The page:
What Causes the Connection?
Further research must still be conducted to pinpoint the precise long-term effects stress has on the body, and more specifically, on the immune system. Experts speculate that factors such as changes in cortisol levels and pro-inflammatory cytokine levels may need to be examined. Another hypothesis set forth by researchers is that individuals living with conditions such as PTSD might be more inclined towards unhealthy behaviors such as drinking more alcohol or sleeping less.
Although further research into this connection has yet to be conducted, one important takeaway from the findings is the fact that seeking treatment for stress-related disorders should now be considered more critical than ever. By consulting mental health professionals, individuals living with these conditions can pursue a tailored treatment approach to support short- and long-term improvements in overall wellness. For those with an auto-immune condition, see how stem cell therapy may help your symptoms and improve quality of life.
Vitamin D is a naturally-occurring nutrient found in certain foods, and the body can also attain it through sun exposure. Deficiencies in this crucial nutrient can cause bone and muscle pain, and over time, may also be linked with increased risks of cardiovascular disease, cognitive impairment, and certain types of cancer. Additionally, vitamin D aids in calcium regulation and is therefore essential for maintaining healthy bones.
While vitamin D intake has been hailed by medical experts as a means of supporting overall wellness for years, researchers have recently begun to compile even more reason to load up on the vitamin: it could possibly aid in the prevention of Multiple Sclerosis (MS).
The Link Between Vitamin D & MS
One compelling piece of research supporting a connection between MS and vitamin D is the higher concentration of individuals with the disease living in areas that receive less sunshine. Now, further research performed by the University of Oxford shows a “substantial evidence base” linking vitamin D and MS. While the average odds for a UK citizen to develop MS are one in 1,000, the odds for individuals with the gene variant DRB1*150 jump to one in 300. The study’s findings show that vitamin D plays an integral role in the functionality of the DRB1 gene. Thus, maintaining adequate levels of the vitamin could lower a person’s risk of developing MS.
Yet, what does this mean for people who are already living with MS? More than 2.5 million people suffer from the disease worldwide, and it is the most common disabling neurological condition in young adults. It turns out vitamin D may also have beneficial effects on individuals with MS, too. According to additional studies, the nutrient could help alleviate the severity and frequency of symptoms. MS causes the immune system to attack nerve cells’ protective layers, but because vitamin D has a positive effect on a person’s immunity, taking it regularly could aid in symptom management.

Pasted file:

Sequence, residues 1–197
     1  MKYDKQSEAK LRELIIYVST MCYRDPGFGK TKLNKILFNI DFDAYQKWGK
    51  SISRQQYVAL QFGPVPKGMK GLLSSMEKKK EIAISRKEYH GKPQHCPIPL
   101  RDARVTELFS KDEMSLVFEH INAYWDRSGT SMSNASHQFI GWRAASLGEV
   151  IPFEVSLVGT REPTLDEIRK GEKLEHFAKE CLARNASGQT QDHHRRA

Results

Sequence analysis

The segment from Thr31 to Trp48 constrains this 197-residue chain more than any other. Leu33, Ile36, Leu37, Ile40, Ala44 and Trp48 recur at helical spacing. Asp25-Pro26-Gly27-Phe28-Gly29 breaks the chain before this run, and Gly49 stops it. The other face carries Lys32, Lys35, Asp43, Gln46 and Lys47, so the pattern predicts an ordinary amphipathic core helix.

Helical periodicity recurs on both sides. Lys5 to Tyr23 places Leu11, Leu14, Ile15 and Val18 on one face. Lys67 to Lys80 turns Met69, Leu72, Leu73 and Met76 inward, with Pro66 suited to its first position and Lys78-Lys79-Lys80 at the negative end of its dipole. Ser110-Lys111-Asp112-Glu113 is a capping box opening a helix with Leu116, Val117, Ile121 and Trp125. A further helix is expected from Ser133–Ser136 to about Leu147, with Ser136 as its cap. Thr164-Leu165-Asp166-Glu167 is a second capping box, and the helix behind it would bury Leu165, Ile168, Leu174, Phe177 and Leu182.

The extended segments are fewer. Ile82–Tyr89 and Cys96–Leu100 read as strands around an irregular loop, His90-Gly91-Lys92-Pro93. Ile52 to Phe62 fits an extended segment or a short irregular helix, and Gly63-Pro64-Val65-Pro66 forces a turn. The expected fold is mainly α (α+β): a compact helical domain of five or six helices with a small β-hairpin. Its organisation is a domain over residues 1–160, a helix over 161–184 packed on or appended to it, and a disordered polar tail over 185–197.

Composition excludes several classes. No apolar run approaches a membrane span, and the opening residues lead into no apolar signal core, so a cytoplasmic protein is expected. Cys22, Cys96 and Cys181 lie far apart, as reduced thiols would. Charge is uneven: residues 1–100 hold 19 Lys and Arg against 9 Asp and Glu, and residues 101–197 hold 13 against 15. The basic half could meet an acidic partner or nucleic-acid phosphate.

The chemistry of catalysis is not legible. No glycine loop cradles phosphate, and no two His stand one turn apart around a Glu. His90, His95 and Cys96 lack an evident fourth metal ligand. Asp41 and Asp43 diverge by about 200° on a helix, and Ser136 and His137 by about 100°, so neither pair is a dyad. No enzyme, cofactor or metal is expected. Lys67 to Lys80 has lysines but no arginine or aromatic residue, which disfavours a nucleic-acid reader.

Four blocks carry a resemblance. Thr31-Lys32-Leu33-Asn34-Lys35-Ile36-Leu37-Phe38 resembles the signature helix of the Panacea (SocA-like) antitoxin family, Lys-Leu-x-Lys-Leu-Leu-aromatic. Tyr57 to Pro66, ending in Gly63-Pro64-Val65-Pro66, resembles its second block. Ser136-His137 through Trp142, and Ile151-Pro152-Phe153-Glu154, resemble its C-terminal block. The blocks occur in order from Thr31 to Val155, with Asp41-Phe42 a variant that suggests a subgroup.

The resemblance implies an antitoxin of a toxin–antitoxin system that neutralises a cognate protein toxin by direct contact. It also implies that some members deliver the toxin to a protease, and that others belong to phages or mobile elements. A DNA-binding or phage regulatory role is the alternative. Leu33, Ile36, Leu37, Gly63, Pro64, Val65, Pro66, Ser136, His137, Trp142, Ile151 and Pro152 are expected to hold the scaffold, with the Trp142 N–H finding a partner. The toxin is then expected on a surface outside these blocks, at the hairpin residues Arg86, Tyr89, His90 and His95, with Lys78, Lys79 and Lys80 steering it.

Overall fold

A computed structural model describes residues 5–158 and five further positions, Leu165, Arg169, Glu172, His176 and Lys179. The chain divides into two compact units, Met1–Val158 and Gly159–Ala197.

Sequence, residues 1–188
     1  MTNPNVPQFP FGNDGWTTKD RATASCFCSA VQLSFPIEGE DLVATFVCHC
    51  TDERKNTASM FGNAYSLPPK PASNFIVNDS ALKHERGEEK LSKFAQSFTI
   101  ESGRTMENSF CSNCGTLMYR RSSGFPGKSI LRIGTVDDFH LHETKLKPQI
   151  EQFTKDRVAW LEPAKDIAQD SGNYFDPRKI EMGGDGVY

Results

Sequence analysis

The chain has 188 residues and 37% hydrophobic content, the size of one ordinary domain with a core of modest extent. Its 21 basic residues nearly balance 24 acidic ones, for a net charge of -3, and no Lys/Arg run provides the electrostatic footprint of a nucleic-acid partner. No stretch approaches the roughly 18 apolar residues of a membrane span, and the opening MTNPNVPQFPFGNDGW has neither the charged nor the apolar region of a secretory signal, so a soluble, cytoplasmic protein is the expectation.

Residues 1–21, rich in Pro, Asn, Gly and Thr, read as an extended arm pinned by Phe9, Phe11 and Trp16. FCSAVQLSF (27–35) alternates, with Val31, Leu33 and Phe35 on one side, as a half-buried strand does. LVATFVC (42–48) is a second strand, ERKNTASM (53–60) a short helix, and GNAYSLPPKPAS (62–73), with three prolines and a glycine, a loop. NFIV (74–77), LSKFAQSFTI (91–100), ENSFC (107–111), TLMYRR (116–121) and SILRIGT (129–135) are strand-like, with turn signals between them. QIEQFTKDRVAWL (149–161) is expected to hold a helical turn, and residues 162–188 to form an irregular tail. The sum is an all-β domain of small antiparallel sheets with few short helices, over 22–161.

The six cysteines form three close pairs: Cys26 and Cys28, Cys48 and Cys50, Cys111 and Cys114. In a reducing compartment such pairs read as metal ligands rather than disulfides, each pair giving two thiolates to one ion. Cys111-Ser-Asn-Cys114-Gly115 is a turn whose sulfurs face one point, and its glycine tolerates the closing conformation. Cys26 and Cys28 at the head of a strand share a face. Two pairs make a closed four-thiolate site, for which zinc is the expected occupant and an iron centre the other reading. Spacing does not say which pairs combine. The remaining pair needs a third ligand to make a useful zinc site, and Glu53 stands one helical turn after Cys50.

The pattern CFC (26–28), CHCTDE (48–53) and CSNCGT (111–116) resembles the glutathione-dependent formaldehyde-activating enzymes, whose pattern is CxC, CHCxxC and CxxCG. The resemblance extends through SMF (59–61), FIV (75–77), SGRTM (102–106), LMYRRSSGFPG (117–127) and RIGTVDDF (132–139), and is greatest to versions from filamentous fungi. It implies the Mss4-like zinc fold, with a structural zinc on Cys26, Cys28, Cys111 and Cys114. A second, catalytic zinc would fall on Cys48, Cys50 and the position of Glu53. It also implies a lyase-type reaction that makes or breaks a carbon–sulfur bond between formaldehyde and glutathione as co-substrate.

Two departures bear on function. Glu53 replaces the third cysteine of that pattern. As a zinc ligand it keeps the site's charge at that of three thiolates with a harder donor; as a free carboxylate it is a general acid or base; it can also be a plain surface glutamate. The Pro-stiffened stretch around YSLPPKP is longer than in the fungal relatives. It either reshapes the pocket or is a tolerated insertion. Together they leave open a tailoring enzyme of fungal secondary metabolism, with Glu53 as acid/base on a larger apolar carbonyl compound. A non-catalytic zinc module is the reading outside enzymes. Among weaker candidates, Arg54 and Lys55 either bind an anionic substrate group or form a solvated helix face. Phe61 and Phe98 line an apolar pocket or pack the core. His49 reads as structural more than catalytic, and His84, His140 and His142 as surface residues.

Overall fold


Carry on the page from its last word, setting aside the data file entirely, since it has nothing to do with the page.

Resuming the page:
A Staggering Deficiency
While the benefits of getting enough vitamin D are clear, a deficiency among a large percentage of the population remains. More than 41% of U.S. adults are deficient, while it’s estimated 1 billion people across the globe have inadequate levels of the vitamin in their blood.
The deficiencies could result from a few factors. For one, many people have become more diligent about limiting exposure to UV rays in an attempt to lower skin cancer risks. Additionally, the vitamin is only found in limited types of food, including spinach, kale, fatty fish like tuna and mackerel, cheese, and egg yolks.
Nonetheless, even individuals with dietary restrictions and safe sun practices can use supplements to increase their intake. While the National Institutes of Health recommends a daily intake of 600 IU for individuals between the ages of 19 and 70, you can consult with your physician before beginning a daily supplement regimen for a precise recommendation.
Multiple Sclerosis (MS) patients can experience exacerbations, also known as flare-ups, and they can vary for each person. Some can be intense while others are mild. Some bring on new symptoms while others may worsen old ones. A true flare-up lasts at least 24 hours and has been 30 days from the previous attack.
These exacerbations are caused by inflammation in the central nervous system which damages the myelin causing disruption in the transmission of nerve impulses resulting in symptoms of MS. Common symptoms experienced during a flare-up may include dizziness, balance problems, numbness, pain, blurred vision, fatigue, and pins and needle sensations. MS patients can treat symptoms which can shorten flare-ups and recover faster, but how can you avoid flare-ups? WebMD offers some helpful tips on how to prevent but each person is an individual who has their own triggers to relapsing attacks.
Take Your Medicines
Ensure you take the prescription medicines given by your physician. These medicines will help prevent you from a possible relapse and from your symptoms from getting worse. If some side effects are seen due to the medicine, talk to your physician for other options.
Maintain Your Health
A bladder infection or a flu are trigger examples to a flare-up. It is important to maintain healthy habits so you can avoid these triggers. Some suggestions are to diligently wash your hands, avoid anyone who is sick, get a flu-shot, and stay hydrated while maintaining a routine to avoid bladder infections.
In general, smoking is not good for overall health and it can make MS symptoms worse. Studies have shown that by quitting smoking, you can slow the progression while also preserving cognitive functions. One study conducted by the Menzies Research Institute in Australia showed that persons who smoked the equivalent of two packs per day accumulated three times as much disability as those who smoked less than a pack per day. It is best to consult with your doctor to discuss the best options for you to quit.
For some, stress can also be a cause for a flare-up. Keep down stress levels by practicing methods such as yoga, meditation, or activities that help you feel relaxed and help you unwind.